This second installment will not be a blog about jet lag because seriously how boring would that be? But it would be unfair not to mention it because it is significant. I.e. Day one actually lasted two days, one of which was spent on planes.
The backlash was clearly not envisaged, and raises the question how did the artists, many of whom have their own brands, or are seen as brands in their own right, manage to get it so wrong?
Having taken time off since his rise to success in 2013 to focus on honing his craft, PW has since performed twice at the legendary S.O.B's venue in...
It's fair to say Paris has progressed on the island over the last two seasons: starting with a four week Wednesday night residency back in 2013, she's now taking over Amnesia's Main Room whilst Matinee will control The Terrace for an incredible nine week Saturday night residency this year.
Fast-forward two decades and beneath any commemorative fanfare have been many writers and BTL-commenters denouncing the whole Britpop movement as derivative and worthless, as merely 'recycled' 60s music.
Even when I headed up MTV Base, Idris would come and see me and send me any music he was working on. So it was a huge, wonderful surprise to me few years back, when I heard that my old mate was now a Hollywood star.
Master drummer Steve White (The Style Council and Paul Weller), bassist Damon Minchella (Ocean Colour Scene), and singer-songwriter/guitarist Matt Deighton (Mother Earth, Paul Weller and Oasis) have coalesced as The Family Silver, drawn almost inexorably to each other after all these years. And with a novel plan.
Last week I made the mistake of writing one of those Open Letters you hear about. I wrote it in response to a request from Garbage's management company that they'd like my permission to use a photo that I took and I own in a book they intend to publish and sell for money. But they'd like to not pay me. Since it went out on the internet it's caused a huge debate...
Now then... What's happening? Out or nowt? Probably nowt eh? So I get to Korea... South Korea to be precise... Seoul in fact to be exact. I do f**king LOVE that place and here are a few reasons why:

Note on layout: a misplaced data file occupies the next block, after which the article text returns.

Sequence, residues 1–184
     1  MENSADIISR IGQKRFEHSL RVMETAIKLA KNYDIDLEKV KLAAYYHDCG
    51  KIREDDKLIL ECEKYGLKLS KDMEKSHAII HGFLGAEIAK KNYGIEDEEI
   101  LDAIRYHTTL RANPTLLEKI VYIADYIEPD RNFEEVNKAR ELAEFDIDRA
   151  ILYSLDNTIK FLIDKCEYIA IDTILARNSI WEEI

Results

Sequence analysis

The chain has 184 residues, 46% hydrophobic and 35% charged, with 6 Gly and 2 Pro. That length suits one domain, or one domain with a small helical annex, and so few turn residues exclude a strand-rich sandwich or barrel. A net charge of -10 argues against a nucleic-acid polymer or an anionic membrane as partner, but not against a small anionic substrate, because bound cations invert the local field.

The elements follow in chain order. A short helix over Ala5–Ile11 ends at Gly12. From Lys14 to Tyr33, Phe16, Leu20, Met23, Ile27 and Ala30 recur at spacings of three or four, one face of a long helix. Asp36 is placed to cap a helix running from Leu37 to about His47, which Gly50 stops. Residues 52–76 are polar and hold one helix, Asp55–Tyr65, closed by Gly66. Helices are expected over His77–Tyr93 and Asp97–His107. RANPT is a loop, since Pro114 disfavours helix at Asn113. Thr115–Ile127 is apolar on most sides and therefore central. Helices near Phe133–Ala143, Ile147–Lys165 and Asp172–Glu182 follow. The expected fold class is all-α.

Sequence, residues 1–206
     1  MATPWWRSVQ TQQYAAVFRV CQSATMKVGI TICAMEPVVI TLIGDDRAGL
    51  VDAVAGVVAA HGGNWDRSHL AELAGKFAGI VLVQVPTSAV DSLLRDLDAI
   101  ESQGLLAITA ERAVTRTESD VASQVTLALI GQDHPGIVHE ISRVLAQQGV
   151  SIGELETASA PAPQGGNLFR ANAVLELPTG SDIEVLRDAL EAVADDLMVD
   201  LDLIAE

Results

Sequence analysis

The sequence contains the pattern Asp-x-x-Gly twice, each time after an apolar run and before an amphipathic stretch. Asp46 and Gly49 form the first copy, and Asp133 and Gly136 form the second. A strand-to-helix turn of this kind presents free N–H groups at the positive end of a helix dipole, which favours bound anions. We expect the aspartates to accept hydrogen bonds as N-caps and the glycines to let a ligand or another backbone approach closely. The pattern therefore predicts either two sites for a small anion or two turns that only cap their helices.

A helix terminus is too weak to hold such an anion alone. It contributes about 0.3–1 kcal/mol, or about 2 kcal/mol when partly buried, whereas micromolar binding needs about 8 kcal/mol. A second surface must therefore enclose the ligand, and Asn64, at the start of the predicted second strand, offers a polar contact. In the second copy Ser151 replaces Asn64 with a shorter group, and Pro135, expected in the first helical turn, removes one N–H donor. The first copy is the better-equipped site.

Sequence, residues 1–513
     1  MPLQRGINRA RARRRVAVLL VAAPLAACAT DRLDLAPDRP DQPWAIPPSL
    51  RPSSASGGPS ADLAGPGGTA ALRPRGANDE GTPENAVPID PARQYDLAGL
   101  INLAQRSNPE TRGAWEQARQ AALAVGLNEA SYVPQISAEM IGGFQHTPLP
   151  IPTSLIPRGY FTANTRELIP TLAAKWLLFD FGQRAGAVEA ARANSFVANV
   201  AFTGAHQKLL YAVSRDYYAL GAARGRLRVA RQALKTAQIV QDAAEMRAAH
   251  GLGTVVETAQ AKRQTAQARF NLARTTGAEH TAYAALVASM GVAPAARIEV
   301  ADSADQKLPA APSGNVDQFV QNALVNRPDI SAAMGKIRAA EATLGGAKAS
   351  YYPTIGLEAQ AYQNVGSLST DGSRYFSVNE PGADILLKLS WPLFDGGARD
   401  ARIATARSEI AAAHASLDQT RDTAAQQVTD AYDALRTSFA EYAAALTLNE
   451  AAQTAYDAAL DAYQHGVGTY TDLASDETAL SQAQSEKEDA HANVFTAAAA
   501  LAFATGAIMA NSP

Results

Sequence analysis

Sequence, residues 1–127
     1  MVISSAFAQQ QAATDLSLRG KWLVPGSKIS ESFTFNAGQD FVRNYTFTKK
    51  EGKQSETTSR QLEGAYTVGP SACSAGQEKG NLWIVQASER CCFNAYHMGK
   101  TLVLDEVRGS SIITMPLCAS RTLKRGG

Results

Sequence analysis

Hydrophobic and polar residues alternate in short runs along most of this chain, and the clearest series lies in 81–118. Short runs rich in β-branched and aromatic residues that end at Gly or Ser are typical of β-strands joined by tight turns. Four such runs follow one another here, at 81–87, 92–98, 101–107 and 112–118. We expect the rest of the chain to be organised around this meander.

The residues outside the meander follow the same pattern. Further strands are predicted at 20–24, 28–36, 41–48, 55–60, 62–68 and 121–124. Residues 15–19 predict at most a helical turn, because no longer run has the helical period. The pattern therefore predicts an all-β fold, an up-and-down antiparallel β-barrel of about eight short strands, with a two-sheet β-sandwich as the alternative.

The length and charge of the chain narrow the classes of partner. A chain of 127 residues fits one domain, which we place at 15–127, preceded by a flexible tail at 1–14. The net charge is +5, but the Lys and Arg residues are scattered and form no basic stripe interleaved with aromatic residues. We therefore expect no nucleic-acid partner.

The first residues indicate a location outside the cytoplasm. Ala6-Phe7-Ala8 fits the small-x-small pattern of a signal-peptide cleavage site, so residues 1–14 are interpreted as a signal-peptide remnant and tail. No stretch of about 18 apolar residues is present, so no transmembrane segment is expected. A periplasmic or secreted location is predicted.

As I looked around the room it was completely out of balance. Where were all the women? So I courageously walked up to the front and asked the accommodating panel why they thought that was and how collectively we can change that within the music industry.
Just as we were thinking about launching a magazine independently, financed by maxed out credit cards and money found down the back of the sofa, it seemed that suddenly we could slug it out with the big boys and girls on an almost even playing ground. We would be able to get to our niche audience via the magic of the internet.
Already I'm excited to visit the place where trained parrots sing Beatles songs, The Robot Restaurant, and the bar where tiny monkeys bring you edamame beans (I have been assured that the monkeys are very well treated and only work for two hours a day).
The email says that you really like some of the photos I took of you and would like to use them in your book. It also says that in return for the use of my photos you will give me a "proper credit" but that given it is planned to be a self release the budget is "financially limited", by which your management company mean "we're not going to pay you".
What blew me away was her PRESENCE. It's easy for many acts to be great on tracks, but crap live. Nicki smashed it at levels above and beyond I was truly expecting. She hardly ever mimed, she danced her heart out, spoke to us and her presence was immense!
I suspect Bear & The Woods often get compared to Mumford & Sons or other folk tinged bands and I can see why. It's an easy (and boring) comparison to make and one that I think is particularly lazy. While the two bands may share the same love of melody, that's where any comparison should end.
Mollah's ideas tie in to a growing complaint from the student movement at the moment - that their education is stuffed to bursting point with white, dead men. Recently, the University of the Arts London addressed this very issue, branding their courses 'stale, pale and male.'